Iann Dior - on to better things Music Album Reviews

Iann Dior - on to better things Music Album Reviews
The 22-year-old singer fits into a burgeoning pop niche where angsty emo rap, frothy trap-pop, sunny Top 40 choruses, and punchy pop-punk riffs congeal.

Iann Dior grew up writing poetry and worshiping Paramore, pirating pop-punk and popping on headphones to drown out the world with Panic! at the Disco. He stumbled into a studio after a breakup and posted a mournful mixtape on SoundCloud; soon after, he moved to Los Angeles, and within weeks, he’s said, the labels came calling. He connected with the hip-hop production collective Internet Money, known for their work with Juice WRLD and Trippie Redd, and pumped out a track a week, lacing songs about heartbreak and death with chugging chords and candy-coated hooks.

Some listeners thought Dior was a label prop, engineered to succeed in a porous streaming ecosystem; in 2019, his debut album arrived with the tongue-in-cheek title Industry Plant. As he grew more popular, scoring a feature on rapper 24kGoldn’s inescapable 2020 TikTok hit “Mood,” Dior fit easily into a burgeoning pop niche where angsty emo rap, frothy trap-pop, sunny Top 40 choruses, and punchy pop-punk riffs congeal alongside peers like Post Malone, blackbear, and Travis Barker’s recent crop of protégés. The result is perky, digestible music about dread and suffering. Dior’s new album, on to better things, grapples with the fallout of his newfound fame with mopey self-seriousness. At 22, he sounds weary. “I’m picking up where Juice WRLD left off,” he told NME. It’s an ambitious statement and a stark one; so much of the despair in his music feels descended from artists whose success stories became tragedies.

Sorrow is the default in these songs. Dior spends most of the album treading water as he rehashes familiar sentiments—fame is hollow, love is a trap, Instagram is annoying. The momentum comes from how nimbly he switches genres, swerving between sanded-down pop hooks, strutting basslines, and soupy synths. He tries on a tortured rockstar aesthetic, interpolating Tom Petty’s “Free Fallin’” for an unconvincing breakup ballad (“She not a surgeon, but she really took my heart out”). The stylistic plasticity is a testament to his stable of production talent (Internet Money’s Taz Taylor, Cashmere Cat, and Barker, who’s featured on three of 15 songs), but also the conventions of the artists Dior emulates. He’s said that he considers Machine Gun Kelly a mentor, and he tries his best to borrow Kelly’s slick hooks and disaffected rasp. The Barker-featuring “obvious” sounds like a Tickets to My Downfall B-side with lazier lyrics. (“Got me feeling wavy,” Dior sings, “Don’t fuck up the vibe tonight.”) “thought it was,” a two-minute pity party about the disappointments of fame, opens with a strumming guitar and Dior wailing about his life “in the hills”; it sounds like a diluted version of Kelly’s “I Think I’m Okay,” until Kelly himself shows up to growl about getting high.

The governing philosophy of the album seems to be if you can’t beat them, join them, or at least corral them into a feature. “V12” is the most effective song, a twinkling bauble of TikTok bait that drags Lil Uzi Vert along over thudding, blown-out drums. “Don’t forget who did this shit first,” Uzi lilts, echoing Dior’s chorus but also stating the obvious—this is a blatant copy of his squelchy production and crooning flow. Dior swipes at melancholy almost casually; it’s jarring, on a song like “let you,” to hear him toss out a line about not wanting to die young between spirited acoustic strums and trite lyrics about the breakup-to-makeup cycle. The narratives that drive Dior’s writing—the anxiety of ending a relationship, the depletion of depression—sink into an anesthetized blur. He’s less likely to sing about individual feelings than he is to slot the occasional diamond or pair of designer shades into the general morose template. These songs have the gravity and specificity of a crying emoji.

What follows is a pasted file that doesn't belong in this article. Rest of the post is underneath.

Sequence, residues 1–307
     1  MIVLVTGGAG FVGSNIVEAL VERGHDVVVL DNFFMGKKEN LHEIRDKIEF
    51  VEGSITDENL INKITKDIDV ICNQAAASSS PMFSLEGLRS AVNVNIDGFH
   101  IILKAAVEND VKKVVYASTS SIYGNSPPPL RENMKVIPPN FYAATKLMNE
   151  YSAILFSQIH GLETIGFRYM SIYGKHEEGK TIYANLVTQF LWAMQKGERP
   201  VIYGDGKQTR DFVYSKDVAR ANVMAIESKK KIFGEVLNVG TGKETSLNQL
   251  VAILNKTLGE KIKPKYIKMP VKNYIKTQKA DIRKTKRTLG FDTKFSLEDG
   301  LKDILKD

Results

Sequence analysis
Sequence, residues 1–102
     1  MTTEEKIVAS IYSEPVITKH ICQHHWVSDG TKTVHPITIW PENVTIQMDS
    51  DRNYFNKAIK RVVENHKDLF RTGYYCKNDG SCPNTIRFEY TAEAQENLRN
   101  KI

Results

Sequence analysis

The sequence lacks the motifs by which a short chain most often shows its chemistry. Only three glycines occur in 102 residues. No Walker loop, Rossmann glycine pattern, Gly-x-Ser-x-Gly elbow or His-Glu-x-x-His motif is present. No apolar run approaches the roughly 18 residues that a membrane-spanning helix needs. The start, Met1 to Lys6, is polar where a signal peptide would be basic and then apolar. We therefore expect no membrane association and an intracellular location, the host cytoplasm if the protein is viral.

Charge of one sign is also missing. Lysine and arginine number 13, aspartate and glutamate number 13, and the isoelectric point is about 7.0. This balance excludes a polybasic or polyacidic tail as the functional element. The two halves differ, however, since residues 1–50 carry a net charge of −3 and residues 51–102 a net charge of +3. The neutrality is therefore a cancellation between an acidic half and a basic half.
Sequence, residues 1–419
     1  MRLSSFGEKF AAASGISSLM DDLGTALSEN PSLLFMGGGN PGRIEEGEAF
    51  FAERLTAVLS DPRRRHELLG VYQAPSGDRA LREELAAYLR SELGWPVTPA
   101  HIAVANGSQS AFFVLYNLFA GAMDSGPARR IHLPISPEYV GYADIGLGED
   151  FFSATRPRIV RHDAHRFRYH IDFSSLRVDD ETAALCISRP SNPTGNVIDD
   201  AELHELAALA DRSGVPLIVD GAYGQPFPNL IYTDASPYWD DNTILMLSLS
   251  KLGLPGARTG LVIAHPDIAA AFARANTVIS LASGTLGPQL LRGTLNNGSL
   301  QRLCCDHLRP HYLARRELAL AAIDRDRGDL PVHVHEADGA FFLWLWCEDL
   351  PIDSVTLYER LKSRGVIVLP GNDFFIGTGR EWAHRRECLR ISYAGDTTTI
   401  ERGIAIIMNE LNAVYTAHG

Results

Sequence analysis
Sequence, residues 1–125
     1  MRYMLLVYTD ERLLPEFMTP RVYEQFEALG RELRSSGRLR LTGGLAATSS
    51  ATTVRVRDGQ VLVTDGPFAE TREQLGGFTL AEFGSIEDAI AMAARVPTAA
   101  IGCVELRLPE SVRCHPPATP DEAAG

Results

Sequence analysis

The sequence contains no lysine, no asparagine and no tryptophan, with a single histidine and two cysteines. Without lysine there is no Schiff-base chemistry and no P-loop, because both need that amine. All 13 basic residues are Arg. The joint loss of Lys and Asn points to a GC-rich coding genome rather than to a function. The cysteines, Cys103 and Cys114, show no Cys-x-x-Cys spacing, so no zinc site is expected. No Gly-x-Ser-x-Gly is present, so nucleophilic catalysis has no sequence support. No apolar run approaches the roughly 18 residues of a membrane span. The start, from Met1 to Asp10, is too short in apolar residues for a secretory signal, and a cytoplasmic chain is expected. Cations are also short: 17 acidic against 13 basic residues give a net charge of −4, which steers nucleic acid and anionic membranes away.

Dior stays vague and vacant throughout the album, invested in his feelings but short on interesting ideas. (Hollywood? Toxic! Heartbreak? Difficult!) “I’m a punk with a twisted brain,” he wails, and asks us to take him at his word. But there was a sense of fun in the pop-punk that Dior listened to as a kid and venerates now, a playfulness to all the skinny ties and side parts and melodrama. Dior seems so focused on convincing us he’s miserable that he doesn’t leave room for character or charm. “Fame doesn’t feel like I thought it would,” he sings. Fame seems to mean not feeling anything at all.

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About Wanni Arachchige Udara Madusanka Perera

Hey, I'm Perera! I will try to give you technology reviews(mobile,gadgets,smart watch & other technology things), Automobiles, News and entertainment for built up your knowledge.
Iann Dior - on to better things Music Album Reviews Iann Dior - on to better things Music Album Reviews Reviewed by Wanni Arachchige Udara Madusanka Perera on February 03, 2022 Rating: 5


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